Transmitter

The included transmitter is your generic, plastic toy-grade controller with a hobby-grade look.

It has all of your basic functions and buttons. An on/off switch, trim buttons, dedicated buttons to change flight rates as well as camera record functions. There are buttons for one key return and headless mode functions, neither of which I find very useful or fun.

The difference is the throttle stick automatically snaps to the center for the altitude hold feature. Also, you can enable/disable the LED lights of the quadcopter from the transmitter, allowing you to save battery. This is useful since the LEDs won’t be very helpful during FPV flights, I suggest turning them off.

Holding both sticks down and out automatically disables the motors. This is useful in case you expect a crash or need to kill the motors in case of an emergency. This protects your motors in case of a crash and hopefully reduces any damage to anything you crash into.

Included FPV Display

The included FPV display measures about 4 inches and allows you to see what the quadcopter’s camera sees in real time.

It has a 5.8GHz receiver. Be sure to plug your antenna in prior to turning on the monitor every single time. If you don’t, you could potentially cause permanent damage to the monitor and it may not work. If you made that mistake, try contacting the company you purchased it from and they may be able to help you. It’s a common rookie mistake, and some instruction manuals don’t state this clear enough.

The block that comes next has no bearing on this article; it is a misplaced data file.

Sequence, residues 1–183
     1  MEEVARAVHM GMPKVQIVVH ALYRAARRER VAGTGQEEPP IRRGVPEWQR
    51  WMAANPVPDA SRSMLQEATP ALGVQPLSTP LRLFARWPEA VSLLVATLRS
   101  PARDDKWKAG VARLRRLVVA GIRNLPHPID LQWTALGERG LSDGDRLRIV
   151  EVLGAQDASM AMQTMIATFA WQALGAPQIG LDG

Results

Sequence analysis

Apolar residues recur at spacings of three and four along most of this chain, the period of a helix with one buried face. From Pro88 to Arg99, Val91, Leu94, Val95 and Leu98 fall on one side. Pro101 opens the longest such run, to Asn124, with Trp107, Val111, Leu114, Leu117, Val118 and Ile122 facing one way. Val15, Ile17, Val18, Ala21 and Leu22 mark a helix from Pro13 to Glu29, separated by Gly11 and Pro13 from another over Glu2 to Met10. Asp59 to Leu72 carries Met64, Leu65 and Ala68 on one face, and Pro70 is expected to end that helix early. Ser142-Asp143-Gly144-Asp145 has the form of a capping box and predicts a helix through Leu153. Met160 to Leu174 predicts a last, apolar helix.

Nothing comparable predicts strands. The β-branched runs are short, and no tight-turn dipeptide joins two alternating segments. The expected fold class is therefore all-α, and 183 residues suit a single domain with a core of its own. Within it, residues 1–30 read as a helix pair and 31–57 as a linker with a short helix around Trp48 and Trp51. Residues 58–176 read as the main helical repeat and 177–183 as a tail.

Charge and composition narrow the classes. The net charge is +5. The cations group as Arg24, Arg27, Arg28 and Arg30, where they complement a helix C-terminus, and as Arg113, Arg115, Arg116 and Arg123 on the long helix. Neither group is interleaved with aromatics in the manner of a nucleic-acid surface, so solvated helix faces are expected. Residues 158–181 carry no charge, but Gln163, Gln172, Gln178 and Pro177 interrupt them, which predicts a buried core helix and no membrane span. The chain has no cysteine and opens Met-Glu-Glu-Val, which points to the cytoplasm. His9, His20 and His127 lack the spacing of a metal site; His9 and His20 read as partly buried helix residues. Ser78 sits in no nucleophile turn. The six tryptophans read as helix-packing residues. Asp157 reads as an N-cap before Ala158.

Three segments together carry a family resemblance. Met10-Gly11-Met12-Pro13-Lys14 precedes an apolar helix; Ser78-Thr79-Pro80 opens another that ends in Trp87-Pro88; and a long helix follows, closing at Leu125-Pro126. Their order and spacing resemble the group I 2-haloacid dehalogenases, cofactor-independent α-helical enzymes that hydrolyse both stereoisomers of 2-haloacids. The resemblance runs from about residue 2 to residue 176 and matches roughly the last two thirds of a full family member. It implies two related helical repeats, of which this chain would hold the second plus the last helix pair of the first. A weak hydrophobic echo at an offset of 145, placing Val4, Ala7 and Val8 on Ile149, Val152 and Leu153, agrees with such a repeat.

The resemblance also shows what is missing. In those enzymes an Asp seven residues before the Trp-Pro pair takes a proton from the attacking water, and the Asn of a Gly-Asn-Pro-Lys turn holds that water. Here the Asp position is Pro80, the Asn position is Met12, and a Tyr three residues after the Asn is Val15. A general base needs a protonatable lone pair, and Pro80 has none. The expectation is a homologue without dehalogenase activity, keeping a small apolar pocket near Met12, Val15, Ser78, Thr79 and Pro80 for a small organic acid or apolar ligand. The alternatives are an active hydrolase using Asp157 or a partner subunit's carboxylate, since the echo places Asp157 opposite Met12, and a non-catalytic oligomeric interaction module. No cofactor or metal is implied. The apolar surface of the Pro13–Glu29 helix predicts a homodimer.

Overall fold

Anyway, the monitor has a dedicated, rechargeable battery which is absolutely awesome. It burns through batteries quickly, so having to constantly replace AA or AAA batteries in it would be quite a pain. It comes with a charger as well.

My only gripe with this display is its lack of brightness. On a bright and sunny day, it can be hard to see the screen. It comes with a sun visor that doesn’t seem to help all that much. Luckily, with a few pieces of Styrofoam and black poster board, it’s possible to create your own custom DIY sun visor that works much better, at very low cost.

Camera

The included camera is your standard, cheap 2MP camera. Using it straight out of the box produces a harsh “jello effect”, or wobbling due to the propeller vibrations.

This was the same exact issue that the 509G had, but luckily an anti-jello mount can easily be made with a couple of zip-ties. This eliminates the jello effect almost completely and turns a cheap toy camera into something that produces decent quality footage.

Here’s a video of an easy anti-vibration mount being made specifically for the 509G and works just as easily for the 510G:

The Final Verdict

I’d classify the JXD 510G Predator as a “jack of all trades, master of none”. It has a bunch of cool features such as the included FPV display and altitude hold but doesn’t really perfect any single one of them. I think if the flight performance was a little bit better I’d be able to justify recommending this to others, but at this price range, I feel like there are better options, depending on what you’re looking for in a drone. (Syma X8G for a camera quadcopter, XK X251 for sporty flying)